I like that strbuf is getting used more than it used to, and I think
that is a good general trend to help git rid of and/or avoid buffer
overflows and arbitrary limits on strings.

It is unfortunate that it is currently impossible to use a strbuf
without doing a memory allocation.  So code like

    void f()
        char path[PATH_MAX];


typically gets turned into either

    void f()
        struct strbuf path;

        strbuf_add(&path, ...);   <-- does a malloc
        strbuf_release(&path);    <-- does a free

which costs extra memory allocations, or

    void f()
        static struct strbuf path;

        strbuf_add(&path, ...);
        strbuf_setlen(&path, 0);

which, by using a static variable, avoids most of the malloc/free
overhead, but makes the function unsafe to use recursively or from
multiple threads.

The Idea

I would like to see strbuf enhanced to allow it to use memory that it
doesn't own (for example, stack-allocated memory), while (optionally)
allowing it to switch over to using allocated memory if the string grows
past the size of the pre-allocated buffer.

The way I envision this, strbuf would gain a flags field with two bits:


        The memory pointed to by buf is owned by this strbuf.  If this
        bit is not set, then the memory should never be freed, and
        (among other things) strbuf_detach() must always call xstrcpy().


        This strbuf can use the memory of length alloc at buf however
        it likes.  But it must never free() or realloc() the memory or
        move the string.  Essentially, buf should be treated as a
        constant pointer.  If the string overgrows the buffer, die().

The different bit combinations would have the following effects:


        The strbuf doesn't own the current memory, but it is allowed to
        grow the buffer into other (allocated) memory.  When needed,
        malloc() new memory, copy the old string to the new memory,
        and clear this bit -- but *don't* free the old memory.  Note
        that STRBUF_INIT, when buf is initialized to point at
        strbuf_slopbuf, would use this flag setting.  This flag
        combination could be used to wrap a stack-allocated buffer
        without preventing the string from growing beyond the
        size of the buffer:

        void f()
            char path_buf[PATH_MAX];
            struct strbuf path;

            strbuf_wrap_preallocated(&path, path_buf, 0, sizeof(path));

        (Probably the boilerplate could be reduced by using macros.)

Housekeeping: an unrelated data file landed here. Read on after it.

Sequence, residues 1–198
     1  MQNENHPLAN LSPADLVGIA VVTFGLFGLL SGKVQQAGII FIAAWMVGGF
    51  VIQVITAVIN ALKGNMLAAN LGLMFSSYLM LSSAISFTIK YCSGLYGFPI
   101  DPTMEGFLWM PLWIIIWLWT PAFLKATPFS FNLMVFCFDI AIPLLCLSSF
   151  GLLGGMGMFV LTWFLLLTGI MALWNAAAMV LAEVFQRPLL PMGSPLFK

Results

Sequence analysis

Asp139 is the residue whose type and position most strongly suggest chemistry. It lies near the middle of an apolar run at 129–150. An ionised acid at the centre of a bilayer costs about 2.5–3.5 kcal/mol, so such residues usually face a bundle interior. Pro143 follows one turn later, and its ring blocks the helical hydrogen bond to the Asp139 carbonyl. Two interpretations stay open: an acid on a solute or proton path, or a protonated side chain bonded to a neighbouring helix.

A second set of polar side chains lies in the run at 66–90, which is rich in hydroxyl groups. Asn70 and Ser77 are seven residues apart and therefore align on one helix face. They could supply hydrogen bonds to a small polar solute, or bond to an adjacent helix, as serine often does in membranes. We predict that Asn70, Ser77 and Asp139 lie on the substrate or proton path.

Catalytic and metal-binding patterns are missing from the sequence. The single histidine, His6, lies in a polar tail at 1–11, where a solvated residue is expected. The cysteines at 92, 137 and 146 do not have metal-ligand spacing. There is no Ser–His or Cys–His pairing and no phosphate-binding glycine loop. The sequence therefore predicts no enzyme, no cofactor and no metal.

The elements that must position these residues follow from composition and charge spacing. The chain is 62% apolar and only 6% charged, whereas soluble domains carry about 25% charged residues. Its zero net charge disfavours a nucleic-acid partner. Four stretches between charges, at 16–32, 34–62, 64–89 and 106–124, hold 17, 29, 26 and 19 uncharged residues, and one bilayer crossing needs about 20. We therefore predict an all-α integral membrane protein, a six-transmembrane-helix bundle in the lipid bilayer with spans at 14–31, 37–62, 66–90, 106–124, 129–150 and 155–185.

This gives the current behavior of a non-empty strbuf.


        This would make it possible to use a strbuf to wrap a
        fixed-size buffer that belongs to somebody else and must not
        be moved.  For example,

        void f(char *path_buf, size_t path_buf_len)
            struct strbuf path;

            strbuf_wrap_fixed(&path, path_buf,
                              strlen(path_buf), path_buf_len);
             * no strbuf_release() required here, but if called it
             * is a NOOP

        (Probably the boilerplate could be reduced by using macros.)

        It would also be possible to use this mode to dynamically
        allocate a strbuf along with space for its string (i.e., to
        make do with one allocation instead of two):

            struct strbuf sb = xmalloc(sizeof(strbuf) + len + 1);
            sb.alloc = len + 1;
            sb.len = len;
            sb.flags = STRBUF_FIXED_MEMORY;
            sb.buf = (void *)sb + sizeof(strbuf);
            *sb.buf = '\0';

        If this is considered useful, it should of course be offered
        via a function.


        This combination seems less useful, but I leave it here for
        completeness.  It is basically a strbuf whose length is
        constrained to its currently-allocated size.

The nice thing is that I believe this new functionality could be
implemented without slowing down the most-used strbuf functions.  For
example, none of the inline functions would have to be changed.  The
flags would only have to be checked when doing memory-related operations
like strbuf_grow(), strbuf_detach(), etc.

Anyway, I just wanted to get the idea out there.  I'd like to get
feedback about whether people think this is a good idea.  If so, maybe
I'll add it to the wiki as a suggested project.

I've wanted to work on this myself, but realistically I'm not going to
have time in the near future.  It might be a good Ensimag project or a
future GSoC project (though it might be a bit "janitorial" to excite
students).  Improving the strbuf API in this way shouldn't be too
difficult, and it can be followed up by an almost limitless number of
fixes throughout the Git codebase to use the new functionality.

Of course if somebody is looking for a relatively straightforward
project, I think this would be a nice improvement: it makes strbufs
easier and cheaper to use and thereby reduces the temptation to do
manual memory management, which is all too prone to creating security
holes via buffer overflows.


Michael Haggerty

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